Visual Impressions


If we ignore the skull heatsink at first, the Intel board actually looks fairly messy on the PCB, with almost every nook and cranny filled with some component or another.  As with all X79 products, the area consumed by the socket and memory (in this case, 8 slots, 2 per channel) is just less than half the board in itself.  The power delivery heatsink at the top is by itself and very simple, possibly leading to overclocking issues later on.

The main CPU fan header is at a slightly odd place, to the left of the RAM slots.  This requires the cable to go over the memory, which could be an issue if a user decides to use aftermarket coolers for their memory.  The red fan headers on board actually almost follow four points of a compass, with a rear fan header by the I/O panel, a front header close to the SATA ports, and an auxiliary fan header next to the power and reset switches.


The PCH is covered by that low profile passive ‘skull’ design, which actually hides a small heatsink underneath, hence the connection via heatpipe to a proper air cooled fin arrangement in the middle of the motherboard.  To the right of this skull design are the SATA connectors – two SATA 6 Gbps (blue) and four SATA 3 Gbps (black) ports.  Users will note that there are no extra SATA controllers on board, so there are no extra SATA ports or eSATA.

Next to the power and reset buttons are a series of LEDs, indicating what part of the POST process is working.  This works with the 2-digit debug LED display also on board. There are no options in the BIOS to turn these lights off.  Depending on the case used (varying from plain to windowed side panels) to house the system, these lights could provide an undesirable effect.

One of the main criticisms with the motherboard is the PCIe slots layout.  In order, we have a PCIe x16, x1, x16, PCI, x16 (limited to x8), x1.  The issue comes into play with double-width, dual graphics card setups, where the graphics cards have to be placed into the x16 slots in a specific order.  This leaves no gaps between the graphics cards for happy airflow.  A lot of motherboard manufacturers in X79 should be placing the first and second PCIe slots at least an extra PCIe width apart, allowing for sufficient airflow, however Intel have gone for the simple route here.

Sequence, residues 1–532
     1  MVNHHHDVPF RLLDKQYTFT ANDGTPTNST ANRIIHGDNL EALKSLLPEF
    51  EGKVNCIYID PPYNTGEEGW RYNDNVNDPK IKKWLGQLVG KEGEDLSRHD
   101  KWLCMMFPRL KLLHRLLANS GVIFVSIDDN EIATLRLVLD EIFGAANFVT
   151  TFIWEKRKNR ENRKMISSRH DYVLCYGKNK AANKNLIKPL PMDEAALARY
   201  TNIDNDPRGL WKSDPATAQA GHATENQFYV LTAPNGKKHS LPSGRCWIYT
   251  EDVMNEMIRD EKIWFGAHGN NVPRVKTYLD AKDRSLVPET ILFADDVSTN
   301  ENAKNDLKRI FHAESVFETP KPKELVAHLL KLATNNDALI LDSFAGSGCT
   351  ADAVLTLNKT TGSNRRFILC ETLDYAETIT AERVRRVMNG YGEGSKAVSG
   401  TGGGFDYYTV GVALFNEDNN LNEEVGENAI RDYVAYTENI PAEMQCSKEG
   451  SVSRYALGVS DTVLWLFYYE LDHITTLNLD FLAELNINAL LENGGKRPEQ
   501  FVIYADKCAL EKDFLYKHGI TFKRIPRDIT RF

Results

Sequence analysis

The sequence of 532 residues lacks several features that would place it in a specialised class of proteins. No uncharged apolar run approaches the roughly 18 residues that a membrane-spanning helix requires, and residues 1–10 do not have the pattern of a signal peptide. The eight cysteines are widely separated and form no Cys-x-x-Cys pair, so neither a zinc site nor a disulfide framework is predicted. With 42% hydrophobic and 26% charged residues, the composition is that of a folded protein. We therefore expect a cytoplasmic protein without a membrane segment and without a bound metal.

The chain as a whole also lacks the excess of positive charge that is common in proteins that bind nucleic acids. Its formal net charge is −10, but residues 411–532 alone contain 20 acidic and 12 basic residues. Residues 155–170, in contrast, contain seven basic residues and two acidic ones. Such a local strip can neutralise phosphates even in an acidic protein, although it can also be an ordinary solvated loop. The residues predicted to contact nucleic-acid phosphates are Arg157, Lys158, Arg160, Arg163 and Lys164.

At various levels, the I/O panel is a little disappointing.  It’s very basic, showcasing two USB 3.0, six USB 2.0, dual gigabit Ethernet (Intel NICs of course), Firewire, optical S/PDIF output and audio jacks.  The plus point here is the Back2BIOS button on the left, which when in ‘on’ mode, glows red and always boots into the BIOS.  Another click and the system will boot normally.  This would be handy for certain boards that connect the USB late in the POST sequence, making it a hassle to use the keyboard to enter the BIOS.  There is a big gap in the I/O, suggesting that Intel has skimped on perhaps some more USB 3.0 or eSATA to plug the gap.

In The Box

Intel ‘Skull’ themed mousepad
Two slot length SLI connector
Long SLI connector
Thermal Probe

In terms of what should be included, according to the manuals:

Bluetooth/Wifi Module
Driver CD
User Manual

Even coming with all of these goodies, we see a distinct lack of SATA cables provided.  With a significant proportion of HDDs being sold as OEM (without cables) it is a shock to see a product without SATA cables being provided.


Date: 25 Nov 2011